• Snowfall totals of 8-12 inches have been reported across the metro area through Saturday. Forecasters expect up to 2 more inches of precipitation overnight, leaving 10-15 inches of snow and a light glaze of ice by the time it ends Sunday. With nighttime temperatures hovering near or below freezing, the icy mix could lead to treacherous roads and sidewalks.
• Eastbound Interstate 44 opened from west of Pacific to near Eureka has reopened, but MoDOT said to use extreme caution in that area. Traffic in the rest of St. Louis and St. Louis County remains slow as workers try to clear snow and accidents. Dozens of flights in and out of Lambert International Airport have been canceled.
UPDATE, 8:20 p.m.: Snow totals across the St. Louis metro range between 8 and 12 inches. National Weather Service reports snow totals farther west, closer to Columbia, ranging from 12 to 19 inches. Montgomery City, Mo. reports 20 inches. Snow, occasionally mixed with sleet, rain or freezing drizzle, continues to fall in and around St. Louis.
UPDATE, 4:00 p.m.: Airlines at St. Louis Lambert International Airport cancelled 55 arrivals and 62 departures for Saturday. The airport remains operational but more delays and cancellations are expected Sunday.
UPDATE, 9:41 a.m.: A Troy, Ill., man died in crash on snow-covered and icy roads Friday night after losing control of his vehicle and crossing into oncoming traffic, striking a van.
ORIGINAL STORY: The heavy snow whipping across the St. Louis region saw 30-minute commutes stretch to hours, tractor-trailers sliding off everything and hundreds of businesses and attractions shutting down early Friday — and entirely on Saturday — and it's not done yet.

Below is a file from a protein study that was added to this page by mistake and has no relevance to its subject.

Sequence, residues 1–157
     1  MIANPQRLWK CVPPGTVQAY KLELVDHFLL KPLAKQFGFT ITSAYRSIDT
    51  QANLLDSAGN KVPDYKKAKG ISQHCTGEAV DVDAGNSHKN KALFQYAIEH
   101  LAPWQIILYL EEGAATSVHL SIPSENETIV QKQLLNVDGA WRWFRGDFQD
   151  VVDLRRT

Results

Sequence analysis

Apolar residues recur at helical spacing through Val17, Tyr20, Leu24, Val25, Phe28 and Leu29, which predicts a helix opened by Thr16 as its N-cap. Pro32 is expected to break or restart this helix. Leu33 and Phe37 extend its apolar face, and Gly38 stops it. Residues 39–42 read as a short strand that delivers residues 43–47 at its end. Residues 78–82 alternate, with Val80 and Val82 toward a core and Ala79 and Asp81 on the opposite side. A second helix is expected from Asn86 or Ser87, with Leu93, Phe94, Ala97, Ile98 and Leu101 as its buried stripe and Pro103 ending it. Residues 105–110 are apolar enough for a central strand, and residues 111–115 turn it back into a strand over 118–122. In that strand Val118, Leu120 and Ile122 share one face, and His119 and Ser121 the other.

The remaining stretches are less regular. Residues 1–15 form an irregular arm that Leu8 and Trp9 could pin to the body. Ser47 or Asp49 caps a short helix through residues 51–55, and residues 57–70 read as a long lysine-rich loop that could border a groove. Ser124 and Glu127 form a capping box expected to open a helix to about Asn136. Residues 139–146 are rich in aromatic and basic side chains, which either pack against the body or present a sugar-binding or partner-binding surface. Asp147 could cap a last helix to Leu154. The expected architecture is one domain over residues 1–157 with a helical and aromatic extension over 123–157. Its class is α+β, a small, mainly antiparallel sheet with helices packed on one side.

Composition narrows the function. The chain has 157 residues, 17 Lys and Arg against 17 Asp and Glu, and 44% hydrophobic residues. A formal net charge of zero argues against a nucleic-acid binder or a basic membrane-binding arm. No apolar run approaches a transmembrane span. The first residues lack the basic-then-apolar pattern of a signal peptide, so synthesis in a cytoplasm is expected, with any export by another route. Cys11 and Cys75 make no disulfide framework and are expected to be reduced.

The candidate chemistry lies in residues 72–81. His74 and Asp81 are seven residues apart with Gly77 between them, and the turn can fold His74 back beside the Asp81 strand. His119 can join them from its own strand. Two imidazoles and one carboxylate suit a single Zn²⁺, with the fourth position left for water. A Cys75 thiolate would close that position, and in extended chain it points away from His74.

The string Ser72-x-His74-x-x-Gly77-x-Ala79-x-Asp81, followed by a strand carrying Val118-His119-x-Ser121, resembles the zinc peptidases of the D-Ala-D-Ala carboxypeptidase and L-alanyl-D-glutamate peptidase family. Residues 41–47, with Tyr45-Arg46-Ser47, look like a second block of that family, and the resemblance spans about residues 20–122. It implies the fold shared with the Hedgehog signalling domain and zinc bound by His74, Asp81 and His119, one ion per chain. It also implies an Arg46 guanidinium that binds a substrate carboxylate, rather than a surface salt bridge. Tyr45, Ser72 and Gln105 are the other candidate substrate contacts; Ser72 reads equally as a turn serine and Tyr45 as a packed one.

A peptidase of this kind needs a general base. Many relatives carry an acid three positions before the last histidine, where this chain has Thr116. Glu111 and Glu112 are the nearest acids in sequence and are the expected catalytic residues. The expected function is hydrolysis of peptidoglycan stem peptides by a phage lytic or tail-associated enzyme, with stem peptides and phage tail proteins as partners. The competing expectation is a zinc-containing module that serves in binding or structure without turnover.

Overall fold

With the National Weather Service calling for another 2 to 4 inches across the area on Saturday, snow totals could end up with record or near-record accumulations. It also extended the winter storm warning for the entire area until 6 a.m. Sunday with snow and freezing drizzle expected to last longer than earlier thought.
As of 6 a.m. Saturday, the National Weather Service reported that 9.8 inches of snow had fallen in St. Louis and Columbia was hit especially hard with 14.5 inches. Belleville residents saw 8.3 inches.
The snow caused mayhem on St. Louis-area interstates and other roads, particularly during the evening rush hour Friday when drivers reported hours being added to their commutes.
By Saturday, when fewer people were on the road, traffic conditions had improved, although were far from normal.
But some St. Louisans were able to get out to enjoy the snow. By mid-afternoon Saturday, at least three dozen people played at Blackburn Park in Webster Groves.